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The association between retirement and age on physical activity in older adults

Godfrey, A., Lord, S., Galna, B.ORCID: 0000-0002-5890-1894, Mathers, J.C., Burn, D.J. and Rochester, L. (2014) The association between retirement and age on physical activity in older adults. Age and Ageing, 43 (3). pp. 386-393.

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Abstract

Background: retirement is a major life change that is likely to affect lifestyles and yet little is still known about its influence on physical activity (PA). This study objectively quantified sedentary behaviour and ambulatory activity outcomes in retired and non-retired older, community-dwelling adults.

Methods: PA was quantified in 98 community-dwelling older adults (69.1 ± 7.6 years) who wore an activPAL™ PA monitor (accelerometer) for seven consecutive days. Outcomes representing the volume, pattern and variability of sedentary behaviour and ambulatory activity were derived from the cross-sectional accelerometer data. The association between retirement, ageing and their interaction on sedentary and ambulatory outcomes were examined.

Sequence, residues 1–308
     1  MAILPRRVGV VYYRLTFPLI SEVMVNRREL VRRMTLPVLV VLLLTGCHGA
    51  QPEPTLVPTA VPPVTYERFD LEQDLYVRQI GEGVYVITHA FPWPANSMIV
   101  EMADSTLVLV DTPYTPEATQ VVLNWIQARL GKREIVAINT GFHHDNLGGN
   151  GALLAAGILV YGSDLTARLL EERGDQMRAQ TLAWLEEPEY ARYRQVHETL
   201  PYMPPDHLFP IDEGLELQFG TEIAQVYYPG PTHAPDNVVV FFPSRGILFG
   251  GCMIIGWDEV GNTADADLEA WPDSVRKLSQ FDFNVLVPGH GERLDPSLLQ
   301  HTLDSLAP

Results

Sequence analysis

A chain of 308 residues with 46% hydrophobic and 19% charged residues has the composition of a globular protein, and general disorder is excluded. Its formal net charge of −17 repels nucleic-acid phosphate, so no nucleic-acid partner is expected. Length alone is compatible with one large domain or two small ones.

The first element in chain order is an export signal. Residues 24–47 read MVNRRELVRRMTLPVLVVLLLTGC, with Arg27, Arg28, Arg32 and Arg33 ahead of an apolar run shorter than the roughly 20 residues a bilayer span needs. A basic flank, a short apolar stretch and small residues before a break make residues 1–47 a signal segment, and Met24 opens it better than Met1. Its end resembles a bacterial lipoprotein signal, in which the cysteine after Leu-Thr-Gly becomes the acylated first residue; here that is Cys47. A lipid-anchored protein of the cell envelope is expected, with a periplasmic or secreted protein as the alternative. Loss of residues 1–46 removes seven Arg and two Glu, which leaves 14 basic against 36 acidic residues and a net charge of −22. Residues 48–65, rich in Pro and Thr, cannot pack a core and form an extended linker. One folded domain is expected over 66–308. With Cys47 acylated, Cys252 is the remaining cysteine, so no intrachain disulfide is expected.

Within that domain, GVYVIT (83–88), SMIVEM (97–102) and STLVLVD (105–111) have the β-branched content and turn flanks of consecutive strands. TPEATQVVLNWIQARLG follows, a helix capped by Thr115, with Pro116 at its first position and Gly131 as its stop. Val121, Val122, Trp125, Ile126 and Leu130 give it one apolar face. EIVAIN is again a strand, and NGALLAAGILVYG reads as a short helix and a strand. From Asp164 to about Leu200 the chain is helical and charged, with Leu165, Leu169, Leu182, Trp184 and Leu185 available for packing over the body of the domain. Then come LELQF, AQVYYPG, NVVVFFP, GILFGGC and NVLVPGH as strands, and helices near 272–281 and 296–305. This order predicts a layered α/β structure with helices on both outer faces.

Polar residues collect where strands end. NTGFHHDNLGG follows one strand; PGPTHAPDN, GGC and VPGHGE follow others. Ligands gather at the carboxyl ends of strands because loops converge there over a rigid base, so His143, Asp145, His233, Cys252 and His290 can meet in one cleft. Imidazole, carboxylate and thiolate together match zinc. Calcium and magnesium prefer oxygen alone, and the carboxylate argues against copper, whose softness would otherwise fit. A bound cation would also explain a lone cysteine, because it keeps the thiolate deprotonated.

Results: being retired was associated with a reduced percentage of sedentary behaviour; reduced long bouts of sitting (>55 min) and increased the percentage of ambulatory activity. The volume of sedentary behaviour increased with age, whereas ambulatory activity reduced with age. Measures of pattern and variability did not change with retirement or age. With respect to recommended amounts of PA, there was no difference between retired and employed adults and only 21% achieved the recommended 150 min/week (accumulated in ≥10 min bouts of walking).

Conclusion: while retirement was associated with a greater volume of PA, most older adults do not meet current recommended PA guidelines. Interventions are needed to increase PA in older adults in the years leading to and after the transition to retirement.

Item Type: Journal Article
Publisher: Oxford University Press on behalf of the British Geriatrics Society
Copyright: © The Author 2013
URI: http://researchrepository.murdoch.edu.au/id/eprint/62905
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